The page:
In the present, when the FTC moves against a dietary supplement company for false or misleading advertising, the FTC typically requires the company, as part of a “consent decree” agreed to by both parties, to back up its claims by undertaking at least two random controlled human trials. Currently, this is done on a case-by-case basis and is deemed legal because the targeted company has agreed to it. However, if the FTC had general rule-making authority, we could expect the worst, if not all at once, then eventually.

What is the harm if supplement companies were required to perform two random controlled human trials for each product? It would create a precedent. The cost would be enormous, well beyond the financial means of all but a few supplement companies, and those would probably be limited to just a few products. A company with 100 products would have to do 200 trials.

For the few companies that could afford it, what would prevent the FTC from constantly requiring more costly versions of these studies, or more of them? This slippery slope would drive the entire industry, or what’s left of it, into the same model used by pharmaceutical companies, ultimately reducing the variety and number of supplements and driving their cost into the stratosphere.

Furthermore, aside from who could, who would pour billions into these studies if they couldn’t patent the nutrients? You can’t patent what exists in nature. At the end of this ordeal, nutrients would have to become drugs, in name if not in actuality, much as it is in Europe. But isn’t this what the regulators want?

Regulators Preferences Match Those of the Drug Companies

Of course, drug companies would like this, because supplement companies are their competitors. So if they ended up with supplements as drugs, as part of the drug industry, that would only add to their profits because supplements are generally more effective and less toxic than drugs.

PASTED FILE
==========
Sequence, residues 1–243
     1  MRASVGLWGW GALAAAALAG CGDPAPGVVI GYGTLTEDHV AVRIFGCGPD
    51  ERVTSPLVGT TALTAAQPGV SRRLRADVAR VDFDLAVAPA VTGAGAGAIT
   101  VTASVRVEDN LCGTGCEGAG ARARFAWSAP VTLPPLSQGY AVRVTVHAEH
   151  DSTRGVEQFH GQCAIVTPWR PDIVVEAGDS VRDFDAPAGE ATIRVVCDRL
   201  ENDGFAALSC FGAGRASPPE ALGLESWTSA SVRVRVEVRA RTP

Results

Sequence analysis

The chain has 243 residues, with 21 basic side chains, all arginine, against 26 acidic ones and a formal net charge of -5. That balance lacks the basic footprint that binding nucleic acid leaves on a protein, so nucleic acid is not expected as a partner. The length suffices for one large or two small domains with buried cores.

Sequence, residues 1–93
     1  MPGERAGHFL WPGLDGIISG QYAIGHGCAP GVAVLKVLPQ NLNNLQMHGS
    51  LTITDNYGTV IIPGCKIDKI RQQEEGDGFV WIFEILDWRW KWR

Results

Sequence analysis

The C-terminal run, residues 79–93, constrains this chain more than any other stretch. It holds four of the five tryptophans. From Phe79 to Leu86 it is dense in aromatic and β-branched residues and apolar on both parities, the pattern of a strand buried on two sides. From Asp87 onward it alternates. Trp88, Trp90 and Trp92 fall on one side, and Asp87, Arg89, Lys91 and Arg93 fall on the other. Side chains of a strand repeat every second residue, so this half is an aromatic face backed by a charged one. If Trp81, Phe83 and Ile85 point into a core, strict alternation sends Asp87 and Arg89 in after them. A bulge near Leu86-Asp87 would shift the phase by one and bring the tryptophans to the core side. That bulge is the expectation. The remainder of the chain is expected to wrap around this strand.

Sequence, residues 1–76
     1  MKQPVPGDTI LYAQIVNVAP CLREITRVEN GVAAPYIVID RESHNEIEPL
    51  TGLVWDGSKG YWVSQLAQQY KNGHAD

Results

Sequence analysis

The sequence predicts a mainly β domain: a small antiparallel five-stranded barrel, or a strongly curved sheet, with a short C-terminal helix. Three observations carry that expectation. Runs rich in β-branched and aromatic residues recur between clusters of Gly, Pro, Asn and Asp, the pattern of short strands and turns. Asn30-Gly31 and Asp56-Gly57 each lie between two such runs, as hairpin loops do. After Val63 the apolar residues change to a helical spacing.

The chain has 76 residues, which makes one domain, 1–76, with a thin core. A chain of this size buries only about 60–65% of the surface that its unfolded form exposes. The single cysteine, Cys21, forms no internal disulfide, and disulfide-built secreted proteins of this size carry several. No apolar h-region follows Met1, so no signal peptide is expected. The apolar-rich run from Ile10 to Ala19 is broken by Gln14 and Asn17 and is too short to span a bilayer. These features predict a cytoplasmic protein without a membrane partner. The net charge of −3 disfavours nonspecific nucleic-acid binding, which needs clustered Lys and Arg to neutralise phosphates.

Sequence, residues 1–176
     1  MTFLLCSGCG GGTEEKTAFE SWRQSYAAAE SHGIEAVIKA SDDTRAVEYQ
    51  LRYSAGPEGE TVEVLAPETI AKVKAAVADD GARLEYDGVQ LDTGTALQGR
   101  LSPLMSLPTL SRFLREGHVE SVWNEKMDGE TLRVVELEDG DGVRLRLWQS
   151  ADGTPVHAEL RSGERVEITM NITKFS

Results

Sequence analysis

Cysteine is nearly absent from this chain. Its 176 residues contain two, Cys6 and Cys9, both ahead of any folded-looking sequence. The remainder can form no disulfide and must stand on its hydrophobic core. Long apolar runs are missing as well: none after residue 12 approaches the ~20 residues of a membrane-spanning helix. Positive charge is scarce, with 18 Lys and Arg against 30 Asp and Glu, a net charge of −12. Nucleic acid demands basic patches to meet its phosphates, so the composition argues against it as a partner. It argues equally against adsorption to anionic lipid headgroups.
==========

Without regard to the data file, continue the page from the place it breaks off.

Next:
Speak to a nutritional supplement regulatory lawyer and ask if there is something special about the FTC that we should know about. Chances are the he or she will tell you that the FTC routinely targets nutritional supplement companies for telling the truth about their products. The lawyer may also tell you that some companies are threatened merely by linking to published scientific studies about ingredients in their products.

Even without the increased powers, when the FTC currently targets a particular company that’s having success in the natural products marketplace, they typically accuse that company of “inferring” some health benefit. Then the FTC demands that the company engage in paying a massive fine to the FTC, which the FTC calls “consumer redress.” And of course, none of the money ever goes to the consumers.

Try to fight the FTC, and they drag you into their own special “FTC courts.” These are not public courts where you have the benefit of a jury, but rather they are courts where the judges are actually FTC employees and you have no rights. Reversing the time honored “innocent until proven guilty,” virtually no one has ever been found innocent by the FTC. It’s merely a matter of how guilty you’re found to be.

The FTC may also force you to sign a “consent decree,” the admission of committing crimes that you may have never committed. Included in these crimes is the “criminal misrepresentation of a product,” such as stating that fish oil can help prevent heart disease.

Using these methods, the FTC’s “winnings” amount to as much as tens of millions of dollars from nutritional supplement companies. At the same time, its tactics have put several companies out of business, while denying the American public access to products that could improve their health and prevent disease.

More Power to the FTC?

Make no mistake: we have not seen the end of this attempt to allow the FTC to completely circumvent DSHEA. The latest maneuver was thwarted by an aroused nutritional community, leery of those who want to “protect” us at unacceptable expenses, to our pocketbooks and as well to our liberty. “They that can give up essential liberty to obtain a little temporary safety deserve neither liberty nor safety.” So wrote Benjamin Franklin in his 1759 volume, Historical Review of Pennsylvania. We won’t buy into that. The work that we do is too important.


  1. Bronstein AC, Spyker DA, Cantilena LR Jr, Green JL, Rumack BH, Heard SE; American Association of Poison Control Centers. 2007 Annual Report of the American Association of Poison Control Centers’ National Poison Data System (NPDS): 25th Annual Report. Clin Toxicol (Phila) 2008 Dec;46(10):927-1057.